Study looks at chromium picolinate supplementation in diabetes patients

CRN commissions Frost & Sullivan to conduct study

WASHINGTON — A trade group for supplement makers is suggesting that people with diabetes talk to their physicians about chromium picolinate supplementation, based on a recent study.

The Council for Responsible Nutrition said that multiple studies had indicated chromium picolinate supplements can help reduce high blood-glucose levels, though the group cautioned that while doctors and other healthcare professionals could consider supplementation as part of a diabetes treatment plan, the companies marketing supplements were not allowed to market their products as treating, diagnosing, mitigating, preventing or curing diseases.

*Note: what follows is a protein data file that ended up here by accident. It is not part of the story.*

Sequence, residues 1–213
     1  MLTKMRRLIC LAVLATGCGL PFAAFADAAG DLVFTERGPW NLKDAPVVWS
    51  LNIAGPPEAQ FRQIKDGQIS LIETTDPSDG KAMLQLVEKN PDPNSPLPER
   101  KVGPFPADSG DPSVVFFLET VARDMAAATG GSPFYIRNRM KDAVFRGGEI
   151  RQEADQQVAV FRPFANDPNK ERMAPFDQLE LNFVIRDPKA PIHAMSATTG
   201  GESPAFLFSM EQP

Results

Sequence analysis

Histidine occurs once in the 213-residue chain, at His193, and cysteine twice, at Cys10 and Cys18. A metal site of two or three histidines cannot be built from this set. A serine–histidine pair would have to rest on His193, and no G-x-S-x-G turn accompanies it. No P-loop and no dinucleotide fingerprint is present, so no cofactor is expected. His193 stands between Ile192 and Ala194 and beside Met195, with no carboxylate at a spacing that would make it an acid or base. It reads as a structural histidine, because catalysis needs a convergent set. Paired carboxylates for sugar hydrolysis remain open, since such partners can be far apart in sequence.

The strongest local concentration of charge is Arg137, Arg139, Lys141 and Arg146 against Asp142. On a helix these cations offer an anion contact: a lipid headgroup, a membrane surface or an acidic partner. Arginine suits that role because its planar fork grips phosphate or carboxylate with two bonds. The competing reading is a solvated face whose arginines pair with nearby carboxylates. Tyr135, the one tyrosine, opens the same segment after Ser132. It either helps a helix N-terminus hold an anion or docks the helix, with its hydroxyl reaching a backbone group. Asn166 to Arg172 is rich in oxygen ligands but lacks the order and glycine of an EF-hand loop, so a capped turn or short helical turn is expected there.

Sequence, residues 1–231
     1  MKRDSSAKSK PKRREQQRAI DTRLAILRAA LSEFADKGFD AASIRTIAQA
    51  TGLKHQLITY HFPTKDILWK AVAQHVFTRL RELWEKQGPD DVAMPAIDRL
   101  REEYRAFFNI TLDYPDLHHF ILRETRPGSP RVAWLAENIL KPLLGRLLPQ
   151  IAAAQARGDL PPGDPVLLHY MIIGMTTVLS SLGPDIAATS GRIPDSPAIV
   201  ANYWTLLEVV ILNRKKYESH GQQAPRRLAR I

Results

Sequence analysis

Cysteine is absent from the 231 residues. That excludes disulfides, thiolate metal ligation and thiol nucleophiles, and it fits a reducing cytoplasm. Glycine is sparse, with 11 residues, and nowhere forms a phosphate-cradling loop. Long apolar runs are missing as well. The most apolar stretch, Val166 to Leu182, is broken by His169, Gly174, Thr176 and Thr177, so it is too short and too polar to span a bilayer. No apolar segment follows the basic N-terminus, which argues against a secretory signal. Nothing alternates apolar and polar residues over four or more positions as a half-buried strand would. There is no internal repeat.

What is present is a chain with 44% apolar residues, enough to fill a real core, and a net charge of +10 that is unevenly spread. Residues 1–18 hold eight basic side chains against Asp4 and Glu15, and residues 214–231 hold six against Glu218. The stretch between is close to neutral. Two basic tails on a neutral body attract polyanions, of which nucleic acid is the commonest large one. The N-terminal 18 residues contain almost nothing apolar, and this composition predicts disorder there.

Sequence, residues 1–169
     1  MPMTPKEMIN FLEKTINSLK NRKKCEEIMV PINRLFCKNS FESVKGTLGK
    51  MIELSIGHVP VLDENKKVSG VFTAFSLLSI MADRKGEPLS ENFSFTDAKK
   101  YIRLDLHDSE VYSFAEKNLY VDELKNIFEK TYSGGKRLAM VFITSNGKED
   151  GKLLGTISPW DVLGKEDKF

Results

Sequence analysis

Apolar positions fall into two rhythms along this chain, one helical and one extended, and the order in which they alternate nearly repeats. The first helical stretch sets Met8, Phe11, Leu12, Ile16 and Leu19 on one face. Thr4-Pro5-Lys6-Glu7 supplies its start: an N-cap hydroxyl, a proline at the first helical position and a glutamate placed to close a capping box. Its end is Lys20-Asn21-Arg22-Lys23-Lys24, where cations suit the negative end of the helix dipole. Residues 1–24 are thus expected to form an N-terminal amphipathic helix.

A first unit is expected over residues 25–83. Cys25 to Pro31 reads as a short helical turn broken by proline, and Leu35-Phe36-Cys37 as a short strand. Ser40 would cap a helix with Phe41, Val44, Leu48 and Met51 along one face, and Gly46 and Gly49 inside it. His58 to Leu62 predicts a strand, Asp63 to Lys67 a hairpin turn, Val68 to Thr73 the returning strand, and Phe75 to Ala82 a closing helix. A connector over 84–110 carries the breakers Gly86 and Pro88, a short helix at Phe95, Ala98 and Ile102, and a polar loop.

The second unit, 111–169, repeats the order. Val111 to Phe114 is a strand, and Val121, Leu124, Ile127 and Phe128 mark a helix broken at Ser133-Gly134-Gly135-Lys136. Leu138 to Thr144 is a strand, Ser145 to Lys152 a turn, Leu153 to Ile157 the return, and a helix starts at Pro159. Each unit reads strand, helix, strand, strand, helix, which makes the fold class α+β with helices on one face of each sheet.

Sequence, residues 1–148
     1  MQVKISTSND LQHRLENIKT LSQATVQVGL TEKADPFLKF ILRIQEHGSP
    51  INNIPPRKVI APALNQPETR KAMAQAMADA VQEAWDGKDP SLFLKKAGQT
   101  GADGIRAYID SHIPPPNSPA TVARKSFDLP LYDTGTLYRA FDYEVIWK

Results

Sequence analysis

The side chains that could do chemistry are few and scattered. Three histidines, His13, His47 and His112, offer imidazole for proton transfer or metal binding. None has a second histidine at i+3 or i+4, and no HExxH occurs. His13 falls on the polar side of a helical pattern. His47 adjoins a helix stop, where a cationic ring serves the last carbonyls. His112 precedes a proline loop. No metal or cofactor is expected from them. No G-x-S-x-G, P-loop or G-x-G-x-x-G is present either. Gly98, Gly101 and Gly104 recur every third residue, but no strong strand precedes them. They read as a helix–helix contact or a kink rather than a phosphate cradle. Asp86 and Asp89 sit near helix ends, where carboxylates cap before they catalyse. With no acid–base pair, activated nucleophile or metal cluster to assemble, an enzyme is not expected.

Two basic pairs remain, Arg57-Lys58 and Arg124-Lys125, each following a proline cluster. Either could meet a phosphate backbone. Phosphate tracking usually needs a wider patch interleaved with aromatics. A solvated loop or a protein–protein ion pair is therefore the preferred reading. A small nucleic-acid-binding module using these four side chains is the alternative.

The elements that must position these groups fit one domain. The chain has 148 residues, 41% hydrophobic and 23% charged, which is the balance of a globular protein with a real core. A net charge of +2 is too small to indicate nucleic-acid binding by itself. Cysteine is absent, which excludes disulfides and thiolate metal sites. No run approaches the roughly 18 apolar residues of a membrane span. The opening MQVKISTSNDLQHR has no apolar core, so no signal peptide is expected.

"A healthy lifestyle for diabetes must emphasize healthy diet and plenty of exerts," CRN VP scientific and regulatory affairs Duffy MacKay said. "It requires working very closely with your doctors and opening up a dialogue with them about using all the tools at your disposal, one of which may be supplementation."

According to a study conducted by Frost & Sullivan and funded by the CRN, 81,243 coronary heart disease incidents can be avoided each year through the use of chromium picolinate dietary supplements at preventive intake levels. The study was based on a systematic review of scientific studies that examined whether the supplements could reduce blood-glucose levels.

 

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